The procrastinator’s spirit animal is the crow.
Back in fourth century Armenia, as the story goes, a wicked crow looked up and wheedled a Roman centurion named Expeditus into putting off converting to Christianity, cawing what sounded like the Latin word for tomorrow, “cras.” Being a future saint and all, Expeditus procrastinated no more, stomped on the devil in black feathers at his feet, and received an expeditious baptism.
And the favorite writing utensil of writers who put the cras in procrastinate? The pencil, of course, since you can always postpone writing projects by sharpening all your pencils first. “Sharpening your pencils” has become a cliché for what people do when they perform absurdly long warm-up rituals before getting down to work.
If I’d logged all the hours I spent sharpening my pencils before writing, procrastinating would easily add up to double the time I spent putting pen to paper.
Friends marvel at how I get so many things like pencil sharpening done and still look so rested. It’s quite simple: anyone can do any amount of work, provided it’s not the work he’s supposed to be doing at that moment, as described in Robert Benchley’s groundbreaking 1930 psychological treatise “How To Get Things Done.”
But before I start this column, the cliché about pencil sharpening reminds me that Henry David Thoreau wore many hats, including pencil maker — if indeed there is such a hat. There is an entry in his 1842 Journal that begins: “I have been making pencils all day, and then at evening walked to see an old schoolmate...”
Making pencils all day?
But Thoreau did make pencils. In fact, his family made the finest pencils in America for 20 years, and when he wasn’t talking to birds or gazing at clouds or chiding us about just not getting it, he worked in the business for most of his adult life. You can see J. Thoreau and Co. pencils on display at the Smithsonian Institution, and someone bought one on eBay a couple of years ago for $1,800.
When a Harvard classmate wrote asking what Thoreau had been up to since leaving Cambridge, he listed these occupations: “I am a Schoolmaster — a Private Tutor, a Surveyor — a Gardener, a Farmer — a Painter, I mean a House Painter, a Carpenter, a Mason, a Day-Laborer, a Pencil-Maker, a Glass-paper Maker, a Writer, and sometimes a bad Poet.” Many hats, indeed. He must have been putting off deciding what he wanted to be when he grew up.
It’s not hard to imagine Thoreau here on the Key Peninsula.
He’d fit right in, probably with a cabin by Bay Lake, which is just about the size of Walden Pond. I can see him on the shoulder of the road walking toward Home since he wouldn’t care to own a car.
Our KP eccentric’s conversation out in the drizzle at the Lakebay post office parking lot would be off-beat, too, and full of cranky wisdom like, “If you don’t like my clothes, I don’t want your paycheck.” Or, “Look at those gas prices! You work a whole day every week just to buy gas to drive to work.” The same ideas, just not as pithy as the lines in Walden, “Beware of all new enterprises that require new clothes,” and “We do not ride on the railroad; it rides upon us.”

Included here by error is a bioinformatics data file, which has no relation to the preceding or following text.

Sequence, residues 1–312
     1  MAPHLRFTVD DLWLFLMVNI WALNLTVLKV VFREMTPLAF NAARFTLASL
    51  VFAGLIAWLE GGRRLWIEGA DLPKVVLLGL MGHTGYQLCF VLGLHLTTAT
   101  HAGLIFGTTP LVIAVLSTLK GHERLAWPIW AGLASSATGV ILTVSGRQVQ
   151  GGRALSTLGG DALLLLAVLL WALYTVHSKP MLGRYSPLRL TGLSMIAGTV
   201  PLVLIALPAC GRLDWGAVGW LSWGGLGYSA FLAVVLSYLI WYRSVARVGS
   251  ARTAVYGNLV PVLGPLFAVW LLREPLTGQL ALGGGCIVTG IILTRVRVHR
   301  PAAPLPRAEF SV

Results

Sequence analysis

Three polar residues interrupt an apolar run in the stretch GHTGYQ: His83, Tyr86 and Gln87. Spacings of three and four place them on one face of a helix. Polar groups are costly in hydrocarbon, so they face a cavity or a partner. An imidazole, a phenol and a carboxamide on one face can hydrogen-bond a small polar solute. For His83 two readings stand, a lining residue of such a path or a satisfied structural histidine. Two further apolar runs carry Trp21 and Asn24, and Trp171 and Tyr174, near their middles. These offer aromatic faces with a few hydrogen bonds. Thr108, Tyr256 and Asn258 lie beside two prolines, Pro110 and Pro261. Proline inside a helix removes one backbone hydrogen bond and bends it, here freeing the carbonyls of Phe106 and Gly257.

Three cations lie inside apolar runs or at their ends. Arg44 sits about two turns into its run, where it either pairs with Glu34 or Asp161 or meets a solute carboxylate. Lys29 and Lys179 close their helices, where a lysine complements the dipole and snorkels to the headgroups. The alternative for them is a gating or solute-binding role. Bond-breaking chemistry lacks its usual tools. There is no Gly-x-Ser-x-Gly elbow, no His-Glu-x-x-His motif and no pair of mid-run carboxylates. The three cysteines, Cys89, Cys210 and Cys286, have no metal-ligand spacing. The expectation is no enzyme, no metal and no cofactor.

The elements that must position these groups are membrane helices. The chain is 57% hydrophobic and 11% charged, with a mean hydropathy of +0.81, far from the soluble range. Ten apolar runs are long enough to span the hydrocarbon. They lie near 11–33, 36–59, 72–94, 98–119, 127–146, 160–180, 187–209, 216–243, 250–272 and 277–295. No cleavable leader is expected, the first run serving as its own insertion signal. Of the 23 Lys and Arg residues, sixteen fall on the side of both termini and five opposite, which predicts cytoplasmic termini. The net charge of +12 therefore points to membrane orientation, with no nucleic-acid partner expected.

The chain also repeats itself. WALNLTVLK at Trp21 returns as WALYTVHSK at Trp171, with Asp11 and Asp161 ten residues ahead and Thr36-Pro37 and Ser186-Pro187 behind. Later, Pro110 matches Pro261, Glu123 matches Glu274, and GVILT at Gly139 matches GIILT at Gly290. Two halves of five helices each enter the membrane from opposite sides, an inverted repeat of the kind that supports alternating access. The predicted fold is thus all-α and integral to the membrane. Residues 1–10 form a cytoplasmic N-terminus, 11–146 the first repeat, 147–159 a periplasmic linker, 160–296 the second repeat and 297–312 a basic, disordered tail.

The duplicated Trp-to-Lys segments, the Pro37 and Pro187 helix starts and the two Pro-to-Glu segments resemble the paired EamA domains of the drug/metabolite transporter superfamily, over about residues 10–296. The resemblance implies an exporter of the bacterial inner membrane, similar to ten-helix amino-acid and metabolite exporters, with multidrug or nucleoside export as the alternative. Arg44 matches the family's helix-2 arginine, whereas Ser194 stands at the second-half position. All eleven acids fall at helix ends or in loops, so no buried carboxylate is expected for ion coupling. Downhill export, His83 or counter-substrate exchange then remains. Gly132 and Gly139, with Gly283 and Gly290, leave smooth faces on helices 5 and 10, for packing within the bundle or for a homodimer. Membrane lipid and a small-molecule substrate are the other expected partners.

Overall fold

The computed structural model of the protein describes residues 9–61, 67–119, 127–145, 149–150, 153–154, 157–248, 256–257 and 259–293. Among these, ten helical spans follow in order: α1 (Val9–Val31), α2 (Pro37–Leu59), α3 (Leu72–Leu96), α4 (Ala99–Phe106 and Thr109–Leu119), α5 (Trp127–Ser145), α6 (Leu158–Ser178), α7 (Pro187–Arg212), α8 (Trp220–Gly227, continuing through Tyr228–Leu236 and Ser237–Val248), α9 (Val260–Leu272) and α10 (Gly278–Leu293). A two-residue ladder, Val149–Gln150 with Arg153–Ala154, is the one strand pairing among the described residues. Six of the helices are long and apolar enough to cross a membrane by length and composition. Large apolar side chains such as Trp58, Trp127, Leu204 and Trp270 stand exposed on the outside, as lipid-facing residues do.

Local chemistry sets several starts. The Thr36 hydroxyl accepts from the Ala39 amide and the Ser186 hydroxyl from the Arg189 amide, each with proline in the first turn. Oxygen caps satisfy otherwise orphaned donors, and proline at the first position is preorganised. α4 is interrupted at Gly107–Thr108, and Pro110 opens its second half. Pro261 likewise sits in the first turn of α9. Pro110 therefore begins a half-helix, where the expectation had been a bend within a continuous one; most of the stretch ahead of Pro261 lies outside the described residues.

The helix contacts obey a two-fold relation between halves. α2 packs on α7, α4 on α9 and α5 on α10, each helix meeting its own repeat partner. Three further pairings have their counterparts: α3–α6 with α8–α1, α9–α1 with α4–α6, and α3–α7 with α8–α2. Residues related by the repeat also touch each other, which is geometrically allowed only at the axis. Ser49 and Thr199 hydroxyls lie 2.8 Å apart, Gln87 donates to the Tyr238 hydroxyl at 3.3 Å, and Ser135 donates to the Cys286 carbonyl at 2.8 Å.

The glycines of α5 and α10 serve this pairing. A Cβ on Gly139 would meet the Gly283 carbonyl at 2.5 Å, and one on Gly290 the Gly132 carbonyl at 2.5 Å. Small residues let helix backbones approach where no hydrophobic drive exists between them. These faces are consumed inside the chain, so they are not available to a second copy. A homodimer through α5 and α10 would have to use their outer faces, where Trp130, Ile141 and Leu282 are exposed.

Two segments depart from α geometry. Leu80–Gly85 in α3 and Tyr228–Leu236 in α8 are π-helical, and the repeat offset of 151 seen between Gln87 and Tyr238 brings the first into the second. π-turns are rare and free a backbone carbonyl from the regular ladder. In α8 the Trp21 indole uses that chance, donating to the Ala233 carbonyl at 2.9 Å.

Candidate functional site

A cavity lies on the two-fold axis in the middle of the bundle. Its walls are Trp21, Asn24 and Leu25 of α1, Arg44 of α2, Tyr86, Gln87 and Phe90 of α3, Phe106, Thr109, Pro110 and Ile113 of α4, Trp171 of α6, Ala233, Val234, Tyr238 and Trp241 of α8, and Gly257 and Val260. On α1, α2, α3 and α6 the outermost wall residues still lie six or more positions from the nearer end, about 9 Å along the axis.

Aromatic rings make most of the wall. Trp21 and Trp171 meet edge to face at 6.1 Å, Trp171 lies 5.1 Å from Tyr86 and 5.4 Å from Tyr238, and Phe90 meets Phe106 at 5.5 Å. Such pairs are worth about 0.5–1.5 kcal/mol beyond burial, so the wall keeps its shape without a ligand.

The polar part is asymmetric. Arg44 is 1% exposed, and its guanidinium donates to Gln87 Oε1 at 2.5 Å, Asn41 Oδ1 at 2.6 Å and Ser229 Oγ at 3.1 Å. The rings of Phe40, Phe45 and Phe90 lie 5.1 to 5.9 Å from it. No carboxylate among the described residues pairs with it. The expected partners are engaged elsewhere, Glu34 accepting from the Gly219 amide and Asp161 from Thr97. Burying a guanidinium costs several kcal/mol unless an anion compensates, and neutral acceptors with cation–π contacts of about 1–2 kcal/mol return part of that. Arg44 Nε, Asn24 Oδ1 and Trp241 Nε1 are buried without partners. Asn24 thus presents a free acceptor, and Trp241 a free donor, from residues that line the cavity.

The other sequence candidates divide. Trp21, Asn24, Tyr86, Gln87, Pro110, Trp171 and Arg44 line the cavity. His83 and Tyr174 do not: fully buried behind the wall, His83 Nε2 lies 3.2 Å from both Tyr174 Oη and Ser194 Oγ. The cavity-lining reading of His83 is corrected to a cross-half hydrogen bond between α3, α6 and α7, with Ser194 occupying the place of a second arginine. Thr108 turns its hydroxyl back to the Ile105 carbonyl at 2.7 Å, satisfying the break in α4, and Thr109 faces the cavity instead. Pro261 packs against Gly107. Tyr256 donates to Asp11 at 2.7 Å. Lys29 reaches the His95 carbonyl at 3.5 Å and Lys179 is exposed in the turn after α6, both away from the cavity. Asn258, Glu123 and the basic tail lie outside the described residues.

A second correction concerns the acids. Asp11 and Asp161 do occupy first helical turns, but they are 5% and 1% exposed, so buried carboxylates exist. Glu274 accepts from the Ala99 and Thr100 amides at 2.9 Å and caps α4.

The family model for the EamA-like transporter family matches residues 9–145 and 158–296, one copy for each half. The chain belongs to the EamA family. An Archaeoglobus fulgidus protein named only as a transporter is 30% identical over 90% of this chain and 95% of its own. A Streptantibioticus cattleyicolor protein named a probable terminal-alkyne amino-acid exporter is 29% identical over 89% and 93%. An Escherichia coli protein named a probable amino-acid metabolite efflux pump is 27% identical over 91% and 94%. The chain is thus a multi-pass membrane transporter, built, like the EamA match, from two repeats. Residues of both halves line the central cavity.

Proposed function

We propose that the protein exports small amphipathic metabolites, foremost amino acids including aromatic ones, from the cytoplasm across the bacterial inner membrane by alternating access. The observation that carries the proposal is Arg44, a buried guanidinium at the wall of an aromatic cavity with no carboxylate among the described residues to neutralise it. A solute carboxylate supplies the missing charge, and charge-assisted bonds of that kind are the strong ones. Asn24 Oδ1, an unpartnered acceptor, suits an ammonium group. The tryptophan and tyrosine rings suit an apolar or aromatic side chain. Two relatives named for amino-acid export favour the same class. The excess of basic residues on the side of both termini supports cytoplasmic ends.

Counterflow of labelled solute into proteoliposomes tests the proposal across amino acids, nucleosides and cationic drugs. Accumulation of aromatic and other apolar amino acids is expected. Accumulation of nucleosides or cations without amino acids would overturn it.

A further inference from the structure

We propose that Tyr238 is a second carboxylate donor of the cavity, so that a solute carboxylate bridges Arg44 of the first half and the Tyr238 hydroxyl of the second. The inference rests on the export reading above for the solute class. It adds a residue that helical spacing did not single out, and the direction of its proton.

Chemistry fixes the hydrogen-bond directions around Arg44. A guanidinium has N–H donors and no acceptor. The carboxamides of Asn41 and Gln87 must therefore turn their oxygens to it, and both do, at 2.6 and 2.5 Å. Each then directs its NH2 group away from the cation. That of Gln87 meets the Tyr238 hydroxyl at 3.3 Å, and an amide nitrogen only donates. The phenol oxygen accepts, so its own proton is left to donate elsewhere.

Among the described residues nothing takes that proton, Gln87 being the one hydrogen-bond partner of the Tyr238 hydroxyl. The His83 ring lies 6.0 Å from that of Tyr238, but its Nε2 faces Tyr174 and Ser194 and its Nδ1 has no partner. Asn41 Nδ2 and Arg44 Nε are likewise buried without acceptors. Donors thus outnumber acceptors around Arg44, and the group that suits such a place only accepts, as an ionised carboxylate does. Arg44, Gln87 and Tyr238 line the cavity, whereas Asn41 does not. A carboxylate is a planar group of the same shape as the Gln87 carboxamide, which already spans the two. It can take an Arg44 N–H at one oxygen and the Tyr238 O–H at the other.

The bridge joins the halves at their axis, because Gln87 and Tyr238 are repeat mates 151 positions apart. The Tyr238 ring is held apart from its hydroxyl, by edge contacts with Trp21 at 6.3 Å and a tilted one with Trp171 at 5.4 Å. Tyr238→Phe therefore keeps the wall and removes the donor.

But while I’m getting set up to write, I keep going back to Thoreau making pencils. He was no slacker, some days churning out 3,000 words and gluing together the cedar halves of five dozen pencils.
Okay, call me a pencil-sharpener, not a pencil-maker.
Oh, and did I forget to mention that Henry David invented the two production processes that made the Thoreau pencils better than the competition?
Graphite is the carbon compound in pencil leads, and the Thoreau pencil business had grown out of an uncle’s accidental discovery of a New Hampshire graphite outcrop (in those days called plumbago). The plumbago (not something you get from eating too much fruit) was very pure, almost perfect for pencil leads. However, minute impurities in it made the sharpened point scratchy. H.D. invented a mill that sorted out the very smallest particles of ground graphite from everything else. When glued with a binder in split wood barrels, this superfine dust made a superior pencil lead.
After Henry discovered that by mixing fine potter’s clay with the graphite dust he could vary the hardness of the leads, the deluxe Thoreau pencil in hard, medium and soft was born.
By the end of the 1850s, the American pencil market was dominated by Faber’s even-better pencils from Germany, and the Thoreau family abandoned pencil production to concentrate on dealing bulk plumbago to city newspapers using the new electrotype printing technology.
Pencils and Thoreau. Someday I really ought to write about them.
But for now, it’s time to stop sharpening and put pencil to paper for the KP News.
First though, I need to straighten up the clutter on this desk.
Dan Clouse is an award-winning columnist. He lives in Lakebay.
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